"I can picture myself being on that stage one day," Bolin declared. "I hope to start with a triathlon next year, but I would like to for sure compete in physique competitions one day. I think my body type would be highly capable of being competitive. I want to compete to show myself that I can push my body to the limits and create any image I want. It carries that discipline of military life into my civilian life, and aren't we all striving to be better soldiers on and off duty?"
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Dorm Council Airmen Help Improve Quality Of Life

Story by A1C Christopher Sparks on 06/19/2018

These meetings provide the dorm councils an opportunity to communicate directly with the 48th Fighter Wing command chief, as well as first sergeants, unaccompanied housing and dorm managers.

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Puerto Rico Native Participates In Us, Caribbean Military Exercise

Story by PO1 Marie Montez on 06/18/2018

The 1996 graduate of CIEM Private School is a 17-year veteran of the armed forces. He is joined by 1,700 military and civilian personnel from 21 partner nations in the Bahamas and St. Kitts and Nevis from June 4-21.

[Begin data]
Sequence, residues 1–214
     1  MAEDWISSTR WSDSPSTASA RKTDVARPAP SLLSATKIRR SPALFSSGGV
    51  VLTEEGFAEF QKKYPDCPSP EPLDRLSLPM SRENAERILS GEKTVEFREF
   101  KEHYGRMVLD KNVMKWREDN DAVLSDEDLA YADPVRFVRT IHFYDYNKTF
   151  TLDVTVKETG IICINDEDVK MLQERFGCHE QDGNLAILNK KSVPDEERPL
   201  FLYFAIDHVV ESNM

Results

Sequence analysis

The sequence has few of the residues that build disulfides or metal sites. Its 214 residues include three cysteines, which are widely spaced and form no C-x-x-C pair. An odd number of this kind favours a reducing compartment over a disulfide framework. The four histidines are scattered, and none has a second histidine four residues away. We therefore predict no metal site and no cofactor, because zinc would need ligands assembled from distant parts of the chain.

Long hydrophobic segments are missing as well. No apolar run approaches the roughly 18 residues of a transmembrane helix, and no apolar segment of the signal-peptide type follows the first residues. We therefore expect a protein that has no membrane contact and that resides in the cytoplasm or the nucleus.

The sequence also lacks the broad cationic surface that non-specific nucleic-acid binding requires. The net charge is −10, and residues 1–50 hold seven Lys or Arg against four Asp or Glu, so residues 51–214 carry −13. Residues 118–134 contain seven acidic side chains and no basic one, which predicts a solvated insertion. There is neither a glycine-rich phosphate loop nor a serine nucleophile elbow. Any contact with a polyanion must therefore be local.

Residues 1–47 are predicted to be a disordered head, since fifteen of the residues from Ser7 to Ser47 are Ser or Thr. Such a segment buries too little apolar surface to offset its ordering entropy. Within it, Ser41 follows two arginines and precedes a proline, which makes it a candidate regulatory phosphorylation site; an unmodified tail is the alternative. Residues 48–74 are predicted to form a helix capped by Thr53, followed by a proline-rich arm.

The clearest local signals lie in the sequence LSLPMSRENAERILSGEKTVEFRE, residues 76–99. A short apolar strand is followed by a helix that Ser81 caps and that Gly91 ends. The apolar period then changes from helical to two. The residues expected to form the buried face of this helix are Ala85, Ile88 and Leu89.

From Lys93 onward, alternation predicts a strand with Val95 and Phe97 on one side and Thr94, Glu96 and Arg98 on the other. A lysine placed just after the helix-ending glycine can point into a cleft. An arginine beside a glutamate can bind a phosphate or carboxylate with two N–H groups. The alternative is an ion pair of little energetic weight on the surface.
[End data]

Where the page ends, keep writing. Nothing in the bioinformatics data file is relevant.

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Ppb Uses 3-D Printers To Create Metal Parts

Story by Keith Hayes on 06/14/2018

Three-dimensional printers create objects by depositing materials layer by layer in accordance to the object's 3D digital model. Printer processes vary, but the material is usually sprayed, squeezed or otherwise transferred from the printer onto a platform into almost any part or tool needed.

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Kayaks And Canoes: Best View Of Beauty On The Missouri River

Story by James Lowe on 06/13/2018

These 498 miles of river have some of the richest viewing in our area. You will see a palette of colors. In the spring and summer, mostly shades of green. American Sycamore, Silver Maple, Box Elder and River Birch are some of the trees that line the banks. Sand bars offer an opportunity to picnic with caution as not to disturb wildlife particularly on those marked for endangered species.

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Honor, Integrity On And Off The Trail

Story by MAJ Michelle Lunato on 06/12/2018

When most people think of drill sergeants, they think of disciplined instructors, intimidating stares and squared-away, by-the-book Soldiers. While these rigid images may all be true, it is only one side of the iconic job in today's Army Reserve.

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593d Esc Best Warrior Competition